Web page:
Deputy shouldn't have been cited for accident


Deputy shouldn't have been cited for accident

To the Editor:

I am writing in regards to the incident that involved Deputy Folks and Tony Maneotis in February.

What do you think when you hear or see an emergency vehicle? I was taught to immediately move to the side of the road and stop so that the emergency vehicle can continue safely to their EMERGENCY destination.

There are people out there that are relying on those officers to aid in situations, but obviously some people are too busy talking and not paying attention to realize that all of the cars are stopped, even at a green light. Others see that officer with an understanding of the law and respond to the situation accordingly, they STOP.

I ask you, what do you think that you are teaching others in Moffat County through these actions? Obviously, you feel that you can justify your actions through blaming the deputy for performing his duties. What are you teaching our children? This is what you are teaching our children: To not obey laws because you obviously feel that you are above the law and free from the repercussions of your actions.

Your choices have been poor, beginning with the accident that you, sir, caused, then followed by your obvious lack of honor in that you have failed to take responsibility for your own actions. Now it is your responsibility not only to yourself, but also to your family and Moffat County to admit that you were not paying attention to your surroundings, indeed you, not the officer, because you know that it was you who failed to follow the law.

I offer my support for Deputy Folks. I applaud his courage, honor, along with his overall professionalism, for which he has demonstrated through his dedication to his work and his personal ethics.

Why did Mr. Maneotis not receive citation for failure to follow the direct orders of a law enforcement officer who was indeed following the laws? The law states, "Upon the immediate approach of an authorized emergency vehicle making use of audible or visual signals...the driver of every other vehicle shall yield to the right of way..." and "...Any person who violates any provision of this section commits a class A traffic infraction.n(42-4-705). I think that sums it up, quite nicely.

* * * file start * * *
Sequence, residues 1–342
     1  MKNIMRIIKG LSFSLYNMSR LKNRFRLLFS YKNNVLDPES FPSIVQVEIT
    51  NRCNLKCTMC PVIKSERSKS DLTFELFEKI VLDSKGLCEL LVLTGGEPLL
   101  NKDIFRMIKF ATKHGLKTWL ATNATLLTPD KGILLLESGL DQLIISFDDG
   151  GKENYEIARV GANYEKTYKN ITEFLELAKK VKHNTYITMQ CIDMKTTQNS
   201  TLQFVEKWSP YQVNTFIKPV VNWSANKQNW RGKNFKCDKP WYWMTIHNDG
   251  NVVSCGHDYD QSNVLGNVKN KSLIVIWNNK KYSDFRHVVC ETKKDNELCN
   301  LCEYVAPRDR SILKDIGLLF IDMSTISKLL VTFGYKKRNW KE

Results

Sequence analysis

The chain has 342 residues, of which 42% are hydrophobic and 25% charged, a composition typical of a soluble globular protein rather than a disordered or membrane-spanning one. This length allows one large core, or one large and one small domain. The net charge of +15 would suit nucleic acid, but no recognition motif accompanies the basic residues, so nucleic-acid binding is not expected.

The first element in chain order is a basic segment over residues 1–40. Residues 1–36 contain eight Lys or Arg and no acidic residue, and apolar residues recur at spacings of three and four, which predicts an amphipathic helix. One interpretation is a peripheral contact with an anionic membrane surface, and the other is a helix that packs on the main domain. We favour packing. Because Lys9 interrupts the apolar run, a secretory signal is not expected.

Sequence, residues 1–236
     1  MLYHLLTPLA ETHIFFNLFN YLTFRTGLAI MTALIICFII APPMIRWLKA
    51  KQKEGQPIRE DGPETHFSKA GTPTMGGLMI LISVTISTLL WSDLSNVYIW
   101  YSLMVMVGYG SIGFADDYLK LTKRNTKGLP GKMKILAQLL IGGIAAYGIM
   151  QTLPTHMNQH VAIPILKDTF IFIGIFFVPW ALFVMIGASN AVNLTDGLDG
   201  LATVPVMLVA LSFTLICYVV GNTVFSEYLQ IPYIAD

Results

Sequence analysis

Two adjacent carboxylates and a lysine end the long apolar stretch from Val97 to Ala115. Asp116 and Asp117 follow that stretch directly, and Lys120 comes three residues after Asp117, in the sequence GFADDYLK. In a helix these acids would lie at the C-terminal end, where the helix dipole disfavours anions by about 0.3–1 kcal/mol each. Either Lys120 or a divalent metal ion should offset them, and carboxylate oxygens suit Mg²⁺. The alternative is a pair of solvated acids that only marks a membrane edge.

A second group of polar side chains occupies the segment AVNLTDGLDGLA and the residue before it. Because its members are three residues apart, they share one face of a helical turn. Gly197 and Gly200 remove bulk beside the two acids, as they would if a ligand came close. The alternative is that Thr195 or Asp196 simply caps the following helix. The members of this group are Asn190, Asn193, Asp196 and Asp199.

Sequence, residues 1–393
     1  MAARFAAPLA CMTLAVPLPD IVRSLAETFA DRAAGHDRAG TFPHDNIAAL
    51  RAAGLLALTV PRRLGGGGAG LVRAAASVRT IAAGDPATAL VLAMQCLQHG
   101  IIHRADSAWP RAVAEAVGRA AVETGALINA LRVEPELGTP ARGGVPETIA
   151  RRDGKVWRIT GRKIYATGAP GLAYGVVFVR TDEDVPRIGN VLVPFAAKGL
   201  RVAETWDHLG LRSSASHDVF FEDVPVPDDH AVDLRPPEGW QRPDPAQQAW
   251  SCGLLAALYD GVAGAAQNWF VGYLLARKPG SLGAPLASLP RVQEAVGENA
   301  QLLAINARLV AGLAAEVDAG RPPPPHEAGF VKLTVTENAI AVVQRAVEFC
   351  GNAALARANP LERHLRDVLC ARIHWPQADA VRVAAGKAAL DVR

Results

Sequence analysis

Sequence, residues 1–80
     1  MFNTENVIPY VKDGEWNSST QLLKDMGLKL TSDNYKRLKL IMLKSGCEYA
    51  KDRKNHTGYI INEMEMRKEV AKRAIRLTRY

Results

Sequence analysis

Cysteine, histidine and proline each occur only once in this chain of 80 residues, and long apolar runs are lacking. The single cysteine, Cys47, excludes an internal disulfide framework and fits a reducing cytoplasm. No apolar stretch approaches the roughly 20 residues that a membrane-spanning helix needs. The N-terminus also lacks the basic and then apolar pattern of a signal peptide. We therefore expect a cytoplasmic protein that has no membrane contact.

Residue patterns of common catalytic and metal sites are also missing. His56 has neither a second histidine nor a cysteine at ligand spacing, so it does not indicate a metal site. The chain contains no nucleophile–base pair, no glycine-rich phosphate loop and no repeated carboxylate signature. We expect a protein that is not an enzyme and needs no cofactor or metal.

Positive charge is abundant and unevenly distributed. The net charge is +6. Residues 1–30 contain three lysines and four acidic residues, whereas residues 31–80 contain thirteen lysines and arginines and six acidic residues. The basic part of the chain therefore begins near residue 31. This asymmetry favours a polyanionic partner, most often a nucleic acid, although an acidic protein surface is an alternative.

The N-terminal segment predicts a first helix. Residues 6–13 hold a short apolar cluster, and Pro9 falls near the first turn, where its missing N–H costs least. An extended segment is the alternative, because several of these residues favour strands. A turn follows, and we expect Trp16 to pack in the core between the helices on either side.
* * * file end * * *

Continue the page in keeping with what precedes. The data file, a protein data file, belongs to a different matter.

Why did Deputy Folks receive a citation for failure to control Mr. Maneotis's actions? He did everything in his authority to ensure a safe passage to the scene of an emergency. Obviously, we all know that without some type of restraint, it is impossible to control a person's actions, especially in another vehicle. If they fail to actively participate in the process, then they are considered to be evading the law and therefore deserve a citation for failure to obey the laws, right?

Mr. Maneotis:

Who came to your aid while you were in your vehicle? I think you may have forgotten this in your thank you to "all those that helped you" letter to the editor.

I believe that Deputy Folks was the first to your aid and obviously continued in his duties to serve and protect even after you ran into him and totalled the vehicle. I am sure that you appreciated his assistance, right?

Law Enforcement:

Why put lights and sirens on a vehicle, if you are not going to assist them in doing the job that you entrusted them to do? If I were a law enforcement officer, I would think twice before putting my life on the line and I would always remember that there is nothing there to stand beside me and my actions. By not issuing a ticket to the citizen who failed to follow the law, what are we saying about the laws and your future ability to serve and protect. Was that not sacrificed?

Finally, if our local government believes that the officer was at fault for doing his duty and his inability to stop that one individual (the rest stopped) that failed to appropriately control his vehicle, then the liability outweighs the risks, because no one can control someone else's actions, whether you are a law enforcement officer or not. This issue is one that leads me to believe that our legal system has failed the officers and the citizens of Moffat County. Why should an officer be committed by putting their life on the line to protect the community that has convicted another officer for actively performing his duties to the citizens of Moffat County?


R. Stone,


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